5 Reasons Purim Is the Best Holiday

Sasha Brown-Worsham

If you aren't Jewish, Purim is a great time to consider converting. More than any other holiday, Purim is the one to celebrate. This year it falls on March 19 and 20, which makes it even more fun. Weekend holiday!

Purim is celebrated every year on the 14th day of the Hebrew month of Adar. This year there are two Adar months because it's a leap year (yes the Hebrew calendar has a whole leap MONTH!). Like most Jewish holidays, Purim begins at sundown on the previous day. 

Every Purim, we tell the story of Queen Esther, the beautiful queen who helped save Jews from Persian persecution with her great beauty and intelligence. But it's also the only holiday where the Jews kick back and get a bit crazy. Growing up, it was always my favorite. Here are five reasons:

Fun: During Purim, the Megillah (Book of Esther) is read aloud in the synagogue and it's an occasion on which much loudness and crazy behavior are encouraged. Every time the book mentions Haman, the bad guy in the story (54 times total), adults hiss, stamp, and generally boo while children present might have noisemakers (some adults do, too), and everyone makes as much noise as possible.

Food, specifically Hamantaschen: It's actually required by the Book of Esther that Purim is celebrated by feasting. And what a feast it is. Purim food is delectable, but best of all is the Hamantaschen, a cookie that is made to look like the hat of Haman, the villain according to the Book of Esther. The buttery dough is folded like a three-corner hat and filled with fruit -- prunes, raspberry, and even poppy seeds are popular. Honestly, my main childhood memories of Purim (we weren't at all religious) revolve around this cookie.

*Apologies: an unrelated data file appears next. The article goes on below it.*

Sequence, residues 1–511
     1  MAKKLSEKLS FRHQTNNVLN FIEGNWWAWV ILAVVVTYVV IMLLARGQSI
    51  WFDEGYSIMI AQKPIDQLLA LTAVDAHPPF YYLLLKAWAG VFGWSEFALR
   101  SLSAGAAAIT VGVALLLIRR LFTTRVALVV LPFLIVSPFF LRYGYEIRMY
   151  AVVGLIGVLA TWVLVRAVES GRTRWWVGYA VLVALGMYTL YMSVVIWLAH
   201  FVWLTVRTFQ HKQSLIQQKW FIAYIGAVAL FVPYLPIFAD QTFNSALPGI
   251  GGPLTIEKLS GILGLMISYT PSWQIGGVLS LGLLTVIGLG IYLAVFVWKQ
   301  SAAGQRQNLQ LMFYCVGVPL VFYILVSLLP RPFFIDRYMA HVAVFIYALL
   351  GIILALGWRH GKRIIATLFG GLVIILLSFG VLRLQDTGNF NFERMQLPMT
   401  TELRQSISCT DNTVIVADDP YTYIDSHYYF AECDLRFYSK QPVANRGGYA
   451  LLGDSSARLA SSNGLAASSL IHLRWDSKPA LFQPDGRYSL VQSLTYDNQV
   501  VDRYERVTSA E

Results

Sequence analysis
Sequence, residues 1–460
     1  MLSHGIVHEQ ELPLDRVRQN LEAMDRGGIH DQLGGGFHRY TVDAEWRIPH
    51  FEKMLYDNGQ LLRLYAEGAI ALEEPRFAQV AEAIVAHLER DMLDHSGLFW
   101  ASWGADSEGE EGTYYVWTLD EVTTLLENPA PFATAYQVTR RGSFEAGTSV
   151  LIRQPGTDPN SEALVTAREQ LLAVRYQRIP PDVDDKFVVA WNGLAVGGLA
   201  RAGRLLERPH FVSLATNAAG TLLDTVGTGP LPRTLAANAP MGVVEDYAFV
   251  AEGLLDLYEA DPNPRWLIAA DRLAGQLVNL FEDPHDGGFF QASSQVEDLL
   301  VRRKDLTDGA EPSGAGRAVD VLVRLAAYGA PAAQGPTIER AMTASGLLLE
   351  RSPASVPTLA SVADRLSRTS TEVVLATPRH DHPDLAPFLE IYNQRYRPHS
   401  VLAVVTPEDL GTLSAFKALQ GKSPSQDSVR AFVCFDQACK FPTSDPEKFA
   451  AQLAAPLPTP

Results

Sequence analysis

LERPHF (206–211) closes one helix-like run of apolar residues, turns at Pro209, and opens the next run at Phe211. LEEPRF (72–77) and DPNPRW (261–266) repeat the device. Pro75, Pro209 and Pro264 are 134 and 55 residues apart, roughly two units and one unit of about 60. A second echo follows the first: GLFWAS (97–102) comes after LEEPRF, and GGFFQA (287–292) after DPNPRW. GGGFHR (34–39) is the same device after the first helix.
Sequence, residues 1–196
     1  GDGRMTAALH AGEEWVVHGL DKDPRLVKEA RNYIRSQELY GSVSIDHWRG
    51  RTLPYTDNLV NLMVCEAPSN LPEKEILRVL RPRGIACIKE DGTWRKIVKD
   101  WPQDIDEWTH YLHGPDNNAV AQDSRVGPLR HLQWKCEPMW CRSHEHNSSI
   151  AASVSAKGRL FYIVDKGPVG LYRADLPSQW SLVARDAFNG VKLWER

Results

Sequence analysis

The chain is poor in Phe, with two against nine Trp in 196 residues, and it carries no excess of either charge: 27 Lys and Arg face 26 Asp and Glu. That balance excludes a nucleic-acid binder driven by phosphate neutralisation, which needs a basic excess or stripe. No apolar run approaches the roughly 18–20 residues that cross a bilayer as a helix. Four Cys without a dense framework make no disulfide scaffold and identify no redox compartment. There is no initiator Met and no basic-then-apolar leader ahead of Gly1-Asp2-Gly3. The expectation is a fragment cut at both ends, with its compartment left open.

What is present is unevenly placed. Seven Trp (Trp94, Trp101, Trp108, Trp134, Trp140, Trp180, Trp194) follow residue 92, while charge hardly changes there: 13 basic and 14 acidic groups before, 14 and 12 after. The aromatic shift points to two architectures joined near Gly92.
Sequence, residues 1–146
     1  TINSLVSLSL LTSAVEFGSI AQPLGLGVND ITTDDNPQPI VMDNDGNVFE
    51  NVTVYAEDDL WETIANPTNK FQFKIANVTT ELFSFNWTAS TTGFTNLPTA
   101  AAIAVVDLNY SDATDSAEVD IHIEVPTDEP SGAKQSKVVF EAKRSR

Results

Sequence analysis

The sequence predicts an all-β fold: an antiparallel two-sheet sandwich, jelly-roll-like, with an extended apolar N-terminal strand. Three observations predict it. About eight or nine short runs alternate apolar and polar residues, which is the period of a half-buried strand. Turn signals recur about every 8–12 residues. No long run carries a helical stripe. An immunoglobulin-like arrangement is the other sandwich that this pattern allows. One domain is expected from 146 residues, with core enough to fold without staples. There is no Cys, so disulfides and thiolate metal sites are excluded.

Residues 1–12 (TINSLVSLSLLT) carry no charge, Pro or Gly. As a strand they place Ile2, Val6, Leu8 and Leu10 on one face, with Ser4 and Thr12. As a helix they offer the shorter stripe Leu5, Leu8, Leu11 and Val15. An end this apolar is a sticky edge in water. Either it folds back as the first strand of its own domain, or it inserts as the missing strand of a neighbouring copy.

Charity: A major part of the holiday involves the giving of food and of charity. This can be accomplished through financial donations (and through the giving of Hamantaschen), but the minimum "suggestion" to fulfill the mitzvah (good deed) is two gifts of food to one person and two gifts of charity to needier people.

Drunkenness: Wine is a major part of the feast. In fact, one is officially supposed to drink on Purim until he can no longer distinguish between the phrases "Cursed is Haman" and "Blessed is Mordecai." That's pretty darn wasted, no? Why not?! It's a mitzvah! Obviously all of this depends on who your rabbi is and what denomination of Judaism you practice, but I always like to choose my congregations wisely, i.e. the ones where public intoxication is encouraged.

Costumes: The costume parade wasn't part of Purim originally, but since masquerading became popular during carnivale and Purim fell around the same time, it's believed that the costumes were adopted then since it was seen as part of the general "partying" atmosphere Purim conjures. Whatever the reason, the costumes are a blast for the kids (and for the adults, too), and for Halloween freaks like myself, they give a good excuse to recycle those costumes we put in the closet back in October.

Do you celebrate Purim? What do you do?


Image via miss pupik/Flickr

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